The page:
Nothing (except possibly moaning or rain; or curry) is more British than scones, so let’s take a break from moaning about the coronavirus for a scone recipe. Recipes aren’t what I do here at Notes, but what the hell, who’s watching?
You will need:
A rolling pin
A kitchen, which will, now that I think about it, probably come with an oven, so skip the first item on the list.
A bunch of other stuff that we’ll get to in time.
I only mention all that because I’ve read enough recipe blogs to know that you can’t just give readers the recipe and shut up. You have to fill space. You have to build some kind of excitement. If you don’t do that, readers won’t think they’ve gotten their money’s worth, even though it’s free. And of course, you have to insert photos showing the ingredients gathered lovingly in a spotless kitchen, the process broken into seventeen simple steps, and the resulting whatever-it-is looking so beautiful that cagey readers will suspect you shellacked it.
You also have to claim that your recipe makes the world’s best-ever whatevers.
How many bests can this crowded planet hold? How many best-evers does eternity have space for? Look, I think the recipe’s good or I wouldn’t bother you with it, but it’s just a recipe. I’m sure someone else’s is just as good, or better. The world’s full of recipes. Let’s not kid ourselves that this one (or anyone else’s) going to make our lives perfect or our kitchens immaculate. It’s food. Food is lovely stuff, but once you eat it, it’s gone.
Okay. I’ve filled the requisite amount of space. Here’s the recipe.
Cheese Scones: makes 6 to 8
Flour (that’s plain flour if you bake in British), 1 ½ cups
Baking soda (bicarbonate of soda if you’re British), ½ teaspoon
Cream of tartar, 1 teaspoon
Salt, ½ teaspoon
Butter (cold), 1 – 2 tablespoons. / ½ – 1 ounce
Sharp cheddar, about 4 ounces, grated
Milk, just enough to bring the dry ingredients together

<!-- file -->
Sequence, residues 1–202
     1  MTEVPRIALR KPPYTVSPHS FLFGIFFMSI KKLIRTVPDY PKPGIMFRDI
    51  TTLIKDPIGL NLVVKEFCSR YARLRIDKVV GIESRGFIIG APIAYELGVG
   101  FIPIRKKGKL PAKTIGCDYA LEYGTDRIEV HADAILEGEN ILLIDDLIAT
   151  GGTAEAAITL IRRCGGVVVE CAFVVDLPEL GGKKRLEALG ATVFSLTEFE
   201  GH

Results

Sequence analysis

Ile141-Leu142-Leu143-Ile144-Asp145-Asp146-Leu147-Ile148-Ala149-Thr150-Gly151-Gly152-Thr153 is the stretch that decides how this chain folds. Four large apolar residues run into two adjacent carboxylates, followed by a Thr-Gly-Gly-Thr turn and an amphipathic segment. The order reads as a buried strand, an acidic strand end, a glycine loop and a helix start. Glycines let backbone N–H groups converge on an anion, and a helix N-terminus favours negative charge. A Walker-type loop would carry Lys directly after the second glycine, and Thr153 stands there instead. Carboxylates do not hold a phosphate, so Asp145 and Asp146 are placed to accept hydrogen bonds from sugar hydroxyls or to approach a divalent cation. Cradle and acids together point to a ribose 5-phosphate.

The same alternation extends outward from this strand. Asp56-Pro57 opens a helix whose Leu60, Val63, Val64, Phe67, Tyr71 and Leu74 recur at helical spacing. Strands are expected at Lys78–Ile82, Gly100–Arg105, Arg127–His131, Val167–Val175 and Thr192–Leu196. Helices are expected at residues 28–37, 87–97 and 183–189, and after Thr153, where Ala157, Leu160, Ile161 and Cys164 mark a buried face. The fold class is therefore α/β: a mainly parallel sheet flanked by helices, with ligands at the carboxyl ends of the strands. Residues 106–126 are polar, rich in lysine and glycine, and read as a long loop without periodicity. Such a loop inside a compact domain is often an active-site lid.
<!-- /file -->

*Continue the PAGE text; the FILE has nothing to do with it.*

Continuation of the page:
Heat the oven to 200 centigrade or 400 Fahrenheit. They’re not exact equivalents but try not to think about it. While we’re at it, I used an American-size cup measure, which is a bit different than a British one. The recipe’s forgiving enough that it won’t matter. I don’t bake stuff that isn’t forgiving.
Put the dry ingredients in a bowl. I mention the bowl to keep you from gathering them neatly on the floor, which is the other obvious choice. Take a whisk if you have one and whisk it through the bowl (and yes, its contents) a couple of times. This is the lazy cook’s way of not having to sift anything ever again. If you don’t have a whisk, just mix everything together. I doubt anyone will know. Or sift the dry ingredients if it makes you happy. For all I know, it really does make a difference.
Cut the butter into the dry ingredients. I was taught to do this with two butter knives, one in each hand, which is about as useless a way to break the butter into small chunks as anyone ever invented. These days, I use a pastry blender. Pastry blenders are wonderful. Or you can do it the British way and rub the butter and flour between your fingers until they blend.
Grate the cheese and stir it in, then stir in the milk, a little at a time, just until you have a dough instead of a bunch of stuff that doesn’t cling together. Don’t add more milk than you have to or unspecified bad things will happen to you, the most likely of which is that your scones will be tough as an old shoe.
Roll the scones out on a floured surface until they’re, um, yeah, just about thick enough. Maybe ¾ inch. Then cut them into rounds. If you don’t have a reasonable size scone / biscuit / cookie cutter, use a glass. Or cut them into any old ragged shape that suits your fancy. They’ll taste the same. Smoosh the leftover bits together, roll them out again, and cut a few more. Repeat until you get to the last one, which never does look as neat as its brethren and sisteren because you have to shape it with your fingers.
Bake 12 to 15 minutes on a greased cookie sheet (I think that’s a baking tray if you’re British), or line one with baking paper.
They’re best with butter. They’re plenty good without it.
There. You haven’t thought about the virus since we started, have you?
My thanks to April Munday, who mentioned cheese scones in a comment, convincing me that I had to bake some, and to Arlingwoman, who wrote enough about grits to convince me that posting a recipe would be a good idea. If you want to blame someone for me going semi-off topic this way, blame them. If you don’t want to blame them, go visit their blogs. They’re both worth your time.